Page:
Wage Gap Persists Despite Women's Educational Advancement
According to a White House report, women surpass men in college enrollment but make less money on average and are more likely to live in poverty. Valeria Jarrett, a senior advisor to President Obama, and Tina Tchen, chief of staff to Michelle Obama, clarified "Women have not only caught up with men in college attendance but younger women are now more likely than younger men to have a college or a master's degree. Yet, these gains in education and labor force involvement have not yet translated to wage and income equity."
Although the report found that men had a greater unemployment rate than women, it attributes women's greater incidence of poverty in part to the fact that single-mother households are more common than those with single fathers. The report is based on data from a half-dozen US government agencies and is described by White House officials as the most comprehensive report on the status of women to be compiled in 50 years.
Congresswoman Barbara Mikulski (D-MD) stated, "This report shows what we already know - women are largely outpacing men in education, yet still make just 77 cents to the dollar men make. Women make this country run. We deserve equal pay for equal work." Women leaders and women's rights groups have been working on the passage of the Paycheck Fairness Act, which strengthens the Equal Pay Act and will help women fight wage discrimination, for over a dozen years.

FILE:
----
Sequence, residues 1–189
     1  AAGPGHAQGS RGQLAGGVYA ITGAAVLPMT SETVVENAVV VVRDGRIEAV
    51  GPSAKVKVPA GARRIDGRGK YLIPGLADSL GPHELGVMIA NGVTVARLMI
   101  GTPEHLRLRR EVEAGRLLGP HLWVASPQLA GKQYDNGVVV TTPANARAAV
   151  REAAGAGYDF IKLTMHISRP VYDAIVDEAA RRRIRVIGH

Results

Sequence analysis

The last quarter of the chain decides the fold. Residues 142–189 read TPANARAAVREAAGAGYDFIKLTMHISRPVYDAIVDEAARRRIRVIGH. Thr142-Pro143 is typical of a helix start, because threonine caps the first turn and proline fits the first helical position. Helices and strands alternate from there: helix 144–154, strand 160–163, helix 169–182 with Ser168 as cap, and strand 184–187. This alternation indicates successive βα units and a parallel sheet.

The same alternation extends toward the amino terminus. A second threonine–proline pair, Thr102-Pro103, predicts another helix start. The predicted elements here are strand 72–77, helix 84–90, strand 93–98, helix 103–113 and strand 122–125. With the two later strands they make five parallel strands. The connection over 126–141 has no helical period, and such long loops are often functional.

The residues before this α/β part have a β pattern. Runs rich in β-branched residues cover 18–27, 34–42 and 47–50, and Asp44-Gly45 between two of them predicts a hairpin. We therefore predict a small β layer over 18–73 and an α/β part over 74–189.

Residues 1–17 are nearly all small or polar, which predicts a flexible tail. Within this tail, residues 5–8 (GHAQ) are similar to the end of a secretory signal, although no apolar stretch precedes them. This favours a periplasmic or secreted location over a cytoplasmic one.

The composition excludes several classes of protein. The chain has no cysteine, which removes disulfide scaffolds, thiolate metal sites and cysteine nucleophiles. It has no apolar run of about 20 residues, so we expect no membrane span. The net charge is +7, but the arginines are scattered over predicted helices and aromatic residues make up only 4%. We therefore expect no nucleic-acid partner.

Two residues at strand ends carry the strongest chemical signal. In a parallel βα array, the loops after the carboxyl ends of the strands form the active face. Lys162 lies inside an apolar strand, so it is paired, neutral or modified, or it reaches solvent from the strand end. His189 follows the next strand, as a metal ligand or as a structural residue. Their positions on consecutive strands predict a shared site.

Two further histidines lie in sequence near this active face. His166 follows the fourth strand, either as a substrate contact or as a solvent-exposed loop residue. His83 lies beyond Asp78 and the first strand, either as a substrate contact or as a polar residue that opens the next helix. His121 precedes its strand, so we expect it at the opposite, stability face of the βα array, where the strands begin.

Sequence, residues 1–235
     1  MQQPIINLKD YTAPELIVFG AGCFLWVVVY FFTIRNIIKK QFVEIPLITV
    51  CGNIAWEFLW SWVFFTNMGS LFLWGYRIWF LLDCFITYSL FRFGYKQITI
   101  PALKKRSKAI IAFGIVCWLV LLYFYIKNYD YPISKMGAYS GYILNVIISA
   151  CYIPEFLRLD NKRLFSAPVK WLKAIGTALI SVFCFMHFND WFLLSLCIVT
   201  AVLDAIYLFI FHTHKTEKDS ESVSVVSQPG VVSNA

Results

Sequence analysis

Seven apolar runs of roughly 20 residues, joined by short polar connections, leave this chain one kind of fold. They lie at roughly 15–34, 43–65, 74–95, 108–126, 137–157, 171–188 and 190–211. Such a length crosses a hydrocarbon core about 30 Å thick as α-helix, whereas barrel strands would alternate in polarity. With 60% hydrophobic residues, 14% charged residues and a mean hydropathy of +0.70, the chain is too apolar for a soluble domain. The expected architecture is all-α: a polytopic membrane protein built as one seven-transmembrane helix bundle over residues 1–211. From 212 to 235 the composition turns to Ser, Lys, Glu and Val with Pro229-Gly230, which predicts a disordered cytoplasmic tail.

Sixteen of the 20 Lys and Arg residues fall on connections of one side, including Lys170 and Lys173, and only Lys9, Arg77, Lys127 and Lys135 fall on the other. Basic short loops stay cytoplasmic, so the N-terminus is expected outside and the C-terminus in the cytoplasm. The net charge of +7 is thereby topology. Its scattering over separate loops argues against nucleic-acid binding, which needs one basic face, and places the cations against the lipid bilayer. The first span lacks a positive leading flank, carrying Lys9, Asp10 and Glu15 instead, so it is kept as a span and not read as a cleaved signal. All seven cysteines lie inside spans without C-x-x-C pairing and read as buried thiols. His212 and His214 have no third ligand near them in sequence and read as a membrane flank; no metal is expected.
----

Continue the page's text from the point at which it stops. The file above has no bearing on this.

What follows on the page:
Media Resources: The White House Report Release 3/1/2011; CNN 3/1/2011; CBS News 11/17/2010
8/28/2015 Alaska Court Protects Abortion Access for Low-Income Women - The Alaska Superior Court struck down a state law yesterday that would have severely limited abortion access for low-income women in Alaska.
The state's Superior Court also struck down a Department of Health and Social Services regulation that placed narrow specifications on Medicaid coverage for abortions, requiring that Medicaid-funded abortions be determined by a physician to be "medically necessary." Last year, the Center for Reproductive Rights, the American Civil Liberties Union, and Planned Parenthood sued on behalf of the Planned Parenthood of the Great Northwest, claiming that the narrow definition of "medically necessary" arbitrarily established conditions designed to restrict the ability of low-income women to access abortion services.
The law was temporarily blocked last July by an Alaskan state court judge.
Superior Court Judge John Suddock ordered yesterday that the state be blocked from implementing this regulation, ruling that it placed an undue burden on low-income women seeking abortion services in Alaska.
"By providing health care to all poor Alaskans except women who need abortions, the challenged regulation violates the state constitutional guarantee of 'equal rights, opportunities, and protection under the law'," the ruling read.
"We applaud the superior court for striing down these cruel restrictions on women's health and rights that violate the Alaska Constitution," said Chris Charbonneau, CEO of Planned Parenthood of the Great Northwest and the Hawaiian Islands. . . .
8/26/2015 Saudi Women Prepare to Vote for the First Time - The fight for gender equality is making slow but notable progress in Saudi Arabia, where women will be allowed to vote for the first time in upcoming December elections.
This shift in Saudi law came in 2011, when a royal decree announced that women would be allowed to vote and run in local elections beginning in December of 2015. . . .